THE answer can perhaps be found in the hangdog expression O'Neill had taken to adopting in the final two or three months of his stay at the Stadium of Light.
The caricature of his supposed persona is well versed – a twitching bundle of energy, leaping around on the side of the field, challenging his players to improve themselves and confronting his detractors head on.
The jumps were still there as Sunderland failed to break down Manchester United at the weekend, but they appeared to have been adopted for little more than effect. The eyes have betrayed weariness rather than passion for a while now, the words delivered in front of a microphone or tape recorder lacking the sparkle, wit and energy that had previously been hallmarks of his approach.
It wasn't that O'Neill was indifferent to Sunderland's fate, it was more that he had grudgingly accepted that his tried-and-tested methods were not having their anticipated effect. There was no fight in his team, no spikiness or fierce collective will to defy the odds. That must be incredibly difficult to accept when they have been induced so easily in the past.
Does that mean he is a spent force as a manager? Possibly. A loyal disciple of Clough, he has stuck religiously to an approach and style that has perhaps become outdated as football has changed.
Sunderland's players never turned against him, but there was a degree of puzzlement at his desire to remain aloof on the training ground, his tendency to keep the training programme at arm's length and his intransigence when it came to switching tactics or personnel.
Why were Fraizer Campbell and Connor Wickham never given a chance when Sunderland desperately needed goals? Why were Louis Saha and James McFadden brought in to sit on the bench before trotting on for their seemingly obligatory substitute appearance in the last 15 minutes? Why, in two successive transfer windows, did he fail to sign a natural right-back or an attacker with pace?
The Black Cats' entire recruitment policy under O'Neill lacked direction, perhaps a reflection of the time he had spent out of the game prior to his arrival as well as an indictment of the standard of scouting at the Stadium of Light.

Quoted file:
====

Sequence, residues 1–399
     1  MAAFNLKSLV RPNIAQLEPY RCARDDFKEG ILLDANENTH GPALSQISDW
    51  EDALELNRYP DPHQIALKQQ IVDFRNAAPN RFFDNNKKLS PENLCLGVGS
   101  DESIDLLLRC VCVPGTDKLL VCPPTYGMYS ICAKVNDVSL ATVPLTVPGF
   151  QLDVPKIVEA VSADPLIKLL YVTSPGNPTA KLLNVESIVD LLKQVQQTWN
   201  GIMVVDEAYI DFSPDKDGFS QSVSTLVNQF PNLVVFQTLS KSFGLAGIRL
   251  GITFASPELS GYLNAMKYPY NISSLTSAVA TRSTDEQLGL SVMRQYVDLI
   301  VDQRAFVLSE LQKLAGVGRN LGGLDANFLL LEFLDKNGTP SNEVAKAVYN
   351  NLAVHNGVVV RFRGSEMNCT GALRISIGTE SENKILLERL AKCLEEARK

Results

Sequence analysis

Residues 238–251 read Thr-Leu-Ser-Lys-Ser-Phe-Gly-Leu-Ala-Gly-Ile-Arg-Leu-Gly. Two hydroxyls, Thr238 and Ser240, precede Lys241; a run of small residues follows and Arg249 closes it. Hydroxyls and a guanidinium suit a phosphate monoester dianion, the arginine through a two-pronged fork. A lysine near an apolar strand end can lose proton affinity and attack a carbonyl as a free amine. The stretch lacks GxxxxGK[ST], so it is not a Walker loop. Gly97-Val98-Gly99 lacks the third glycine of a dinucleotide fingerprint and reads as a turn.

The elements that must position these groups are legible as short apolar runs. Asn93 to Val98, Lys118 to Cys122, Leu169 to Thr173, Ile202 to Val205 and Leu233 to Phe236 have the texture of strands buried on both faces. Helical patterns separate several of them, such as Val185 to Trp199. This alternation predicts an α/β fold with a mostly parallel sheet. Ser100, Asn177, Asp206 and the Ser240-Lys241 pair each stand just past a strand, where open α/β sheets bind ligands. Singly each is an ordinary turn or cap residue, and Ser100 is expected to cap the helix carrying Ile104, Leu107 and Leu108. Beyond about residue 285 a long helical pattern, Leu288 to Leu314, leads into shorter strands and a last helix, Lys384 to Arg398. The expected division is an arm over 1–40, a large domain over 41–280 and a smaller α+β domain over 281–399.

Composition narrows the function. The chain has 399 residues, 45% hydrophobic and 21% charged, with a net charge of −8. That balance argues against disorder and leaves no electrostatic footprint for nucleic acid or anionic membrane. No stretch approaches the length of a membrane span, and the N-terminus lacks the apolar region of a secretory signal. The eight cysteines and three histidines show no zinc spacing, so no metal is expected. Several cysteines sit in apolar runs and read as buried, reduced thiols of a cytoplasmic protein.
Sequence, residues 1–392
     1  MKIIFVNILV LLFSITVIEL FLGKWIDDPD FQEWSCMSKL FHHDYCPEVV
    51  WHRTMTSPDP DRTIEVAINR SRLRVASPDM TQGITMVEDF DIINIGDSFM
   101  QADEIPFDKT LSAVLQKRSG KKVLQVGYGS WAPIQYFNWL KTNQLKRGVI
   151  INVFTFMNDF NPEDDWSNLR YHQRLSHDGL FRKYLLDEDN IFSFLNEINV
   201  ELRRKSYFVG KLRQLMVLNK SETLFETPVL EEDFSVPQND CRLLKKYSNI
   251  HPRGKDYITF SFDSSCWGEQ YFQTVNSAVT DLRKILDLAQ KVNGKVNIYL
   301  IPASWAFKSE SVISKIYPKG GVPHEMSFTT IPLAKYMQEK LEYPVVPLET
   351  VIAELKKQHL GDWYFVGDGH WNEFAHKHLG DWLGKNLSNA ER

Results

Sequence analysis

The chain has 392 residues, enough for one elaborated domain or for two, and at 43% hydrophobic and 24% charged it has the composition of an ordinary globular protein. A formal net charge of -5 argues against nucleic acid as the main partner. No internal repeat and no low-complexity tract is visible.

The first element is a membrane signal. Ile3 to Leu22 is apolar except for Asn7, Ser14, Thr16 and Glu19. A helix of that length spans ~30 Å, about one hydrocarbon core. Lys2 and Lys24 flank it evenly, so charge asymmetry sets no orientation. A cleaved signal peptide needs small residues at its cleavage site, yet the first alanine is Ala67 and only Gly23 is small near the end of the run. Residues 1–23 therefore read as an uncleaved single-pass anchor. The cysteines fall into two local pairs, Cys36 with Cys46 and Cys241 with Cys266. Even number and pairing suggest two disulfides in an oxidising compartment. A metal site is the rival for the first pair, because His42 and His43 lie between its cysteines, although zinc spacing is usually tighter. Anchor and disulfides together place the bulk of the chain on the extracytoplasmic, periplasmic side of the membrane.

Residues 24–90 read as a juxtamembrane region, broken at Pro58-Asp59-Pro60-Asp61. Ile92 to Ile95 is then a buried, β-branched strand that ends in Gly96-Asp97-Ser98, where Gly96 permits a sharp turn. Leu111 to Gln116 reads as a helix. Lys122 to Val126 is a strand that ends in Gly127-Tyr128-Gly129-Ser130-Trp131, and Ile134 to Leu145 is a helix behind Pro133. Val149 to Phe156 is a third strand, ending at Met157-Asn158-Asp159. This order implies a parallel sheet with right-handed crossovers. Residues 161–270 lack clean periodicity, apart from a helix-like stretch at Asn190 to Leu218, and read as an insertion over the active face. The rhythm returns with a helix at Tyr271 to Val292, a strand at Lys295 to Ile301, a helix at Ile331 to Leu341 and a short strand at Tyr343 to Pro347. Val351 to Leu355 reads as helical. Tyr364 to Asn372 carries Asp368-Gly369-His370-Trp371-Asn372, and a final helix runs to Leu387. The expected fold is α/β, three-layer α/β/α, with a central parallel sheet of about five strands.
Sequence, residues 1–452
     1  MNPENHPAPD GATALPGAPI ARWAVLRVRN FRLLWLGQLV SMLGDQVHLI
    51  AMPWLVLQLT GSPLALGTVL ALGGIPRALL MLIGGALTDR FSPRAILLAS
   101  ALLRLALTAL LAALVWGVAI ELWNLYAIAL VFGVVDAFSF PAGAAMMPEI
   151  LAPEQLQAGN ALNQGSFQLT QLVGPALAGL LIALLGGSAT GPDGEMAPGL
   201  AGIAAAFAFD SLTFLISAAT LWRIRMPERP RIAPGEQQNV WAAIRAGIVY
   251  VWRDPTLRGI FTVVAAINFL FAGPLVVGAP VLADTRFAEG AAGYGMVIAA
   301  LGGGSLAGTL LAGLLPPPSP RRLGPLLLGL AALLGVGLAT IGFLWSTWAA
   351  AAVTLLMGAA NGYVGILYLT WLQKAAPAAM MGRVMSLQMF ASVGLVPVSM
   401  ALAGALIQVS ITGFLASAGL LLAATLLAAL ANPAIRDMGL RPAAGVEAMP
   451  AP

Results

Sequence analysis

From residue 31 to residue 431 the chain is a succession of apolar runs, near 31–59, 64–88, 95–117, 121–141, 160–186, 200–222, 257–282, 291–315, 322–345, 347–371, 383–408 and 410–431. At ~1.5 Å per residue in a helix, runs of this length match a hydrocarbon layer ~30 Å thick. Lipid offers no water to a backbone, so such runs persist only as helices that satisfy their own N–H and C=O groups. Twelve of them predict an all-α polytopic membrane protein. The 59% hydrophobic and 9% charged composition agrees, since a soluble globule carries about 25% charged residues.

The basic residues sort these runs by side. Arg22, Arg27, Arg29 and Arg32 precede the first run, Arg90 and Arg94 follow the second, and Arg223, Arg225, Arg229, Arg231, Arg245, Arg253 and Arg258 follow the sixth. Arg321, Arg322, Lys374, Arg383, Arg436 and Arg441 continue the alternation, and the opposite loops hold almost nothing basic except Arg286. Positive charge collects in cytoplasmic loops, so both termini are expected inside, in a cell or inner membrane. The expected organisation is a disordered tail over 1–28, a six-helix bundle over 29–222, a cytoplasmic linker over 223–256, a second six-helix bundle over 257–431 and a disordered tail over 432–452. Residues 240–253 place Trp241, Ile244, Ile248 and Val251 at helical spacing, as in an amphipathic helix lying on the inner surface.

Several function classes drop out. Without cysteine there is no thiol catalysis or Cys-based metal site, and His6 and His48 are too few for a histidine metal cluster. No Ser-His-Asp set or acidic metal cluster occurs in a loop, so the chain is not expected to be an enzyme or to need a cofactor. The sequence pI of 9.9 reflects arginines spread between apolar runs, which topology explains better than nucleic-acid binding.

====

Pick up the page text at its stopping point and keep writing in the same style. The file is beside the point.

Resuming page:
The squad O'Neill bequeaths to his successor is no better than the one he inherited despite an outlay of more than £30m. It has the same deficiencies - “a squad of squad players” as one observer so eloquently opined.
There is one other factor in all of this, one name that might have made a difference. John Robertson had been O'Neill's key right-hand man in all of his previous positions, his confidante, sounding-board and bridge to the players under his control.
Family commitments meant he was unable to persuade Robertson to join him in the North-East, and it is tempting to conclude that some of the old magic disappeared with the Scotsman. Just as Clough could not function as effectively without Peter Taylor, so O'Neill appears to have been lost without Robertson's support.
ALL of which leaves the boyhood Sunderland supporter in the position in which he finds himself today. The job which was supposed to have been the highlight of his career has brought him crashing to his knees.
“The fact I have this fondness for the club will not make any difference,” said O'Neill, with unerring prescience, on the day of his unveiling. “It might get me two or three games extra grace, but like everybody else, I'll ultimately be judged on results. You have to win games – really, that's the only thing that matters.”
On Saturday evening, he was proved correct.